• If stack cache 155 is organized using sequential addressing, pointer OPTOP1 may also be implemented using a modulo SCS subtractor which modulo-SCS subtracts one from pointer OPTOP. Some embodiments of stack cache 155 may also include pointers OPTOP2 or pointer OPTOP3.
  • Since data words are stored in stack cache memory circuit 610 circularly, the bottom of stack cache memory circuit 610 can fluctuate. Therefore, most embodiments of stack cache memory circuit 610 include a pointer CACHE_BOTTOM to indicate the bottom memory location of stack cache memory circuit 610. Pointer CACHE_BOTTOM is typically maintained by dribble manager unit 151. The process to increment or decrement pointer CACHE_BOTTOM varies with the specific embodiment of stack management unit 150. Pointer CACHE_BOTTOM is typically implemented as a programmable up/down counter.
  • Some embodiments of stack management unit 150 also includes other pointers, such as pointer VARS, which points to a memory location of a data word that is often accessed. For example, if hardware processor 100 is implementing the JAVA Virtual Machine, entire method frames may be placed in stack management unit 150. The method frames often contain local variables that are accessed frequently. Therefore, having pointer. VARS pointed to the first local variable of the active method decreases the access time necessary to read the local variable. Other pointers such as a pointer VARS1 (not shown) and a pointer VARS2 (not shown) may point to other often used memory locations such as the next two local variables of the active method in a JAVA Virtual Machine. In some embodiments of stack management unit 150, these pointers are maintained in stack control unit 152. In embodiments adapted for use with hardware processor 100, pointer VARS is stored in a programmable register in execution unit 140. If stack cache 155 is organized using sequential addressing, pointer VARS1 may also be implemented using a modulo-SCS adder which modulo-SCS adds one to pointer VARS.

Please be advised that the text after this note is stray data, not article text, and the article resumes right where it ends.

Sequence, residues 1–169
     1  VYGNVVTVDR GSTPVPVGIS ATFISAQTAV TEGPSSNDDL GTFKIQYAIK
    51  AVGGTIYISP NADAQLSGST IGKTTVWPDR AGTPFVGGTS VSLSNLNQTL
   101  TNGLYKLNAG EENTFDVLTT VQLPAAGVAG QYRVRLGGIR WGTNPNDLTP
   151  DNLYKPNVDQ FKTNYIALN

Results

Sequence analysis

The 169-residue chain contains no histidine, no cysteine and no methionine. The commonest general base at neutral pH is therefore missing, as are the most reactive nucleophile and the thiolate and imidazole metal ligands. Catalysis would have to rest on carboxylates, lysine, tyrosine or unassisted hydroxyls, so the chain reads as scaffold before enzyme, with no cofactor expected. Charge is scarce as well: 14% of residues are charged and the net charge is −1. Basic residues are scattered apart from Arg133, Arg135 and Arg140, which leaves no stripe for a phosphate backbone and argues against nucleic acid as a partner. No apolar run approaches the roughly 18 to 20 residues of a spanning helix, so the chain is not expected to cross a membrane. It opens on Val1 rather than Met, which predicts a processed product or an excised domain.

• To determine which data words to transfer between stack cache memory circuit 610 and stack 400, stack management unit 150, typically tags, i.e. tracks, the valid data words and the data words which are stored in both stack cache memory circuit 610 and stack 400. FIG. 8 illustrates one tagging scheme used in some embodiments of stack management unit 150. Specifically, FIG. 8 shows a register 810 from stack cache memory circuit 610. The actual data word is stored in data section 812. A valid bit 814 and a saved bit 816 are used to track the status of register 810. If valid bit 814 is at a valid logic state, typically logic high, data section 812 contains a valid data word. If valid bit 814 is at an invalid logic state, typically logic low, data section 812 does not contain a valid data word. If saved bit 816 is at a saved logic state, typically logic high, the data word contained in data section 812 is also stored in stack 400. However, if saved bit 816 is at an unsaved logic state, typically logic low, the data word contained in data section 812 is not stored in stack 400. Typically, when stack management unit 150 is powered up or reset, valid bit 814 of each register is set to the invalid logic state and saved bit 816 of each register is set to the unsaved logic state.